James McLeod just wants to be left alone.
The 68-year-old Franklin County man lives in the home where he grew up. He even has a 1959 black flatbed truck that has been in his family since it was new.
But Franklin County officials are trying to get McLeod to clear away some of his old vehicles, saying he has a junkyard on his nearly 8 1⁄2 acres on Road 56.
The county is asking a Franklin County Superior Court judge to order McLeod to remove eight broken-down vehicles and other debris from his land.
County law allows McLeod to have one inoperable vehicle, or two if they can’t be seen from public view.
McLeod’s collection includes a school bus, three tractors, two trailers, the flatbed truck, a pickup and a crane.
McLeod is a disabled former Pasco firefighter. He was injured in 1971 when he crashed his 1948 Taylorcraft fabric plane, [John]Schultz [McLeod's lawyer]said.
He has dementia and various limitations because of his injury that make it difficult for him to deal with change and carry out a plan, according to a mental examination the court required.
McLeod has lived alone since his mother died several years ago. He maintains the property and uses one of his tractors to mow it.
Because of his disability, McLeod should have had a guardian when the county began its administrative actions against him, Schultz said.
When it became apparent McLeod needed a guardian, the county prosecutor petitioned for one. Court documents that the county filed state that McLeod’s attorney had not brought up the need for a guardian, and a guardian isn’t required during an administrative action.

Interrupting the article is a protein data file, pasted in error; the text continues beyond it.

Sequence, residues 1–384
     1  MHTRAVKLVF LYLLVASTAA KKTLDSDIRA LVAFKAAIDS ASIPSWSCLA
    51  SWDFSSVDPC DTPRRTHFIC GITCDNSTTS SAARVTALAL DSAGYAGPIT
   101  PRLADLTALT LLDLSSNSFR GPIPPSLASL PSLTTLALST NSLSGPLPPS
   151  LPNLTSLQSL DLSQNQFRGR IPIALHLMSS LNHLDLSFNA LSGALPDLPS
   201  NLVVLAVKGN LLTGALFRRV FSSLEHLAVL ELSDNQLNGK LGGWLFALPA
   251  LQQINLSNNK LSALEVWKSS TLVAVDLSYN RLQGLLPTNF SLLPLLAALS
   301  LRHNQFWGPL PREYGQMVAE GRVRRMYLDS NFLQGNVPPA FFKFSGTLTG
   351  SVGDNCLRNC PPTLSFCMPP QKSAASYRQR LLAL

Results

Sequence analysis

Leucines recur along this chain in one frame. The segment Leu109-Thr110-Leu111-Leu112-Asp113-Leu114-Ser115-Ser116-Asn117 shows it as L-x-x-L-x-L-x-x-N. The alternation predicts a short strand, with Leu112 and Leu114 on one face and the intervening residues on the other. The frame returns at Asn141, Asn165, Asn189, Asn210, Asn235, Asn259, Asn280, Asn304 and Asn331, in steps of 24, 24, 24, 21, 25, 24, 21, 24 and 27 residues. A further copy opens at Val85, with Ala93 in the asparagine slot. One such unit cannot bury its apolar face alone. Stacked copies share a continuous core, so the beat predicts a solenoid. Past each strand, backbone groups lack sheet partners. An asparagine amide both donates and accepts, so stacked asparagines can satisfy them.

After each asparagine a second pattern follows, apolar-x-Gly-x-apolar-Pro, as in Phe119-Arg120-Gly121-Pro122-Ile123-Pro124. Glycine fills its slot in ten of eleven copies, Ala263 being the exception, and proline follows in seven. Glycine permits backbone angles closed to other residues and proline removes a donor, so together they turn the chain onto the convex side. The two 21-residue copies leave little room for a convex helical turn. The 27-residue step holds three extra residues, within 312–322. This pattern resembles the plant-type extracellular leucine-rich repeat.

The county first appointed a guardian in 2006, and a new court action wasn’t started until 2007, according to court documents.
Documents that county prosecutors filed in 2007 argued that just because McLeod didn’t have a guardian when the county started code enforcement doesn’t mean the case has to be dismissed.
Schultz and McLeod are asking the judge to throw out the county’s claim, terminate the guardianship and order the county to foot the guardianship bill, which isn’t specified.
Schultz said that instead of helping McLeod deal with the county complaint, guardian Nancy May hired a lawyer to get power to manage McLeod’s assets, which McLeod doesn’t want.
Schultz also argues that the county is abusing its power. He said if McLeod’s property was developed into 23 homes, each lot could have three to four vehicles. McLeod has nine.
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Franklin Count Wants Pasco Man to Remove Vehicles